On December 21, the company SpaceX made history by successfully launching a rocket and returning it to a safe landing on Earth. It’s also the day that SpaceX founder Elon Musk was nominated for a Luddite Award. By Andrew Maynard
The nomination came as part of a campaign by the Information Technology & Innovation Foundation (ITIF), a leading science and technology policy think tank, to call out the “worst of the year’s worst innovation killers.”
It’s an odd juxtaposition, to say the least.
The Luddite Awards – named after an 18th-century English worker who inspired a backlash against the Industrial Revolution – highlight what ITIF refers to as “egregious cases of neo-Luddism in action.”
Musk, of course, is hardly a shrinking violet when it comes to promoting technology innovation. Whether it’s self-driving cars, reusable commercial rockets or the futuristic “hyperloop,” he’s not known for being a tech party pooper.
So what’s the deal?
ITIF, as it turns out, took exception to Musk’s concerns over the potential dangers of artificial intelligence (AI) – along with those other well-known “neo-Luddites,” Stephen Hawking and Bill Gates.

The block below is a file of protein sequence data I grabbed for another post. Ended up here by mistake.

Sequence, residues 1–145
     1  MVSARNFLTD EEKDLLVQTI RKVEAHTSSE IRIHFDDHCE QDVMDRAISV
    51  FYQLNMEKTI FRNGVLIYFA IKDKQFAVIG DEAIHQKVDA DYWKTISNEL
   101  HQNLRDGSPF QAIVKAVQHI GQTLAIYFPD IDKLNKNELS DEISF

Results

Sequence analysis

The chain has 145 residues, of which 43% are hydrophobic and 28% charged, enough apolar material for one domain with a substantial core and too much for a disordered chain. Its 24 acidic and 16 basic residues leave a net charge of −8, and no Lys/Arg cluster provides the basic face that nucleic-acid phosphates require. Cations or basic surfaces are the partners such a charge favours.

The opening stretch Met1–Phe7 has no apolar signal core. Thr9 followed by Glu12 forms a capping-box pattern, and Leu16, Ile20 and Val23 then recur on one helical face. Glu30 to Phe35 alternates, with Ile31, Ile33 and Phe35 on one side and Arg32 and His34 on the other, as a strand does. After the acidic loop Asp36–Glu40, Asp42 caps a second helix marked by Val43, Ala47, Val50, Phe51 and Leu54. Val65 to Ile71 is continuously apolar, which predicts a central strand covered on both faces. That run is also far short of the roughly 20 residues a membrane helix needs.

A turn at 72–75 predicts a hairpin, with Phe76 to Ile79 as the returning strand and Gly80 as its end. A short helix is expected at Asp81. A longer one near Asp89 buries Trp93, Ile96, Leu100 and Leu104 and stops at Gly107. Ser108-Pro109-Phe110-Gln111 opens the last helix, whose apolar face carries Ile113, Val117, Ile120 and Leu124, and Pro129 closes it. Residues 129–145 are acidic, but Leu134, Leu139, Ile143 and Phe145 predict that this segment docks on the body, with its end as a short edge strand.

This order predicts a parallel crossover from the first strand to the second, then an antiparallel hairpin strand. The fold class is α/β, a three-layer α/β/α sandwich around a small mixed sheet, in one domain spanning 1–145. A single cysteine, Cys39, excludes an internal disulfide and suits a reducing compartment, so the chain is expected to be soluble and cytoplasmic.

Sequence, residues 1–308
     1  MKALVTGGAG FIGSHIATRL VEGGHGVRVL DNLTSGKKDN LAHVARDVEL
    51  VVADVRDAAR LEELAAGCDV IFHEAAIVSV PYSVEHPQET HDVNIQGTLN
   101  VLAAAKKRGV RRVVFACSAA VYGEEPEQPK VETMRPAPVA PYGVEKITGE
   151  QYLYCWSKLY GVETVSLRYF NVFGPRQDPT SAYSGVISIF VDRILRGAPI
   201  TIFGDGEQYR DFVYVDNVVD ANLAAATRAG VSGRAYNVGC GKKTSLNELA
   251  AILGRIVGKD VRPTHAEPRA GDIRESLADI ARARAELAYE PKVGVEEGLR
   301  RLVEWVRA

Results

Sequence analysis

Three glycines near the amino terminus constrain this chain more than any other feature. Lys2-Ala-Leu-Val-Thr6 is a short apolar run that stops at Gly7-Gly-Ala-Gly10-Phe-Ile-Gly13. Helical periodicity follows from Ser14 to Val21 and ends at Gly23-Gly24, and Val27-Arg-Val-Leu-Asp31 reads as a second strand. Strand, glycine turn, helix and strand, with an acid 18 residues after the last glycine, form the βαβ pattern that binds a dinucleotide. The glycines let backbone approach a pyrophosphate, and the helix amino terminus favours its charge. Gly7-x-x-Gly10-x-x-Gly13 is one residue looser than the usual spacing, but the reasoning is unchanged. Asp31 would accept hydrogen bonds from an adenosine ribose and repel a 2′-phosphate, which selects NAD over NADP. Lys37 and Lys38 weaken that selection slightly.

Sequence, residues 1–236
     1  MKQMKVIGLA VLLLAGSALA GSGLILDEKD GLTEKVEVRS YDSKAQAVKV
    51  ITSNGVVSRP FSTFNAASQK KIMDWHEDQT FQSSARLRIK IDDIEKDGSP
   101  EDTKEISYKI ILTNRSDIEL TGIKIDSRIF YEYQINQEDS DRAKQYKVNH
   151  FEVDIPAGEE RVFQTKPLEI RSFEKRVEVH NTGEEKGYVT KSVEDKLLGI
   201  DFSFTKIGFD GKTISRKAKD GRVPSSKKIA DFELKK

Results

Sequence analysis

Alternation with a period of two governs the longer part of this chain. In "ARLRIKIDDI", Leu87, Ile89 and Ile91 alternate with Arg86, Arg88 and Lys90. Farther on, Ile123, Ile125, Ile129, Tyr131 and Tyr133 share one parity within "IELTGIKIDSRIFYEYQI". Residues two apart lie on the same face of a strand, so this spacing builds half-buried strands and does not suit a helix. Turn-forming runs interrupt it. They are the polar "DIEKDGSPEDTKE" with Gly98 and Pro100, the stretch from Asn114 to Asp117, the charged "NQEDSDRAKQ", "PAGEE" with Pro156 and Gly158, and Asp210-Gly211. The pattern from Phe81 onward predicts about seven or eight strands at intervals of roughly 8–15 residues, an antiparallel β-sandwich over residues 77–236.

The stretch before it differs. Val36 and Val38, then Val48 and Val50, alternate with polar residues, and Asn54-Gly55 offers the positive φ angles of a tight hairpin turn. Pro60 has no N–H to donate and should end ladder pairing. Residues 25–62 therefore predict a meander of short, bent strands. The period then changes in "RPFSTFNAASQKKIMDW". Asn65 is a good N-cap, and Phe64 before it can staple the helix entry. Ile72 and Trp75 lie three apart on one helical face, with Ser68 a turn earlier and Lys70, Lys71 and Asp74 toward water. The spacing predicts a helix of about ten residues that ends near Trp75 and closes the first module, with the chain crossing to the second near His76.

ITIF is right to highlight the importance of technology innovation as an engine for growth and prosperity. But what it misses by a mile is the importance of innovating responsibly.
Being cautious ≠ smashing the technology
Back in 2002, the European Environment Agency (EEA) published its report Late Lessons from Early Warnings. The report – and its 2013 follow-on publication – catalogs innovations, from PCBs to the use of asbestos, that damaged lives and environments because early warnings of possible harm were either ignored or overlooked.
This is a picture that is all too familiar these days as we grapple with the consequences of unfettered innovation – whether it’s climate change, environmental pollution or the health impacts of industrial chemicals.
Things get even more complex, though, with emerging technologies like AI, robotics and the “internet of things.” With these and other innovations, it’s increasingly unclear what future risks and benefits lie over the horizon – especially when they begin to converge together.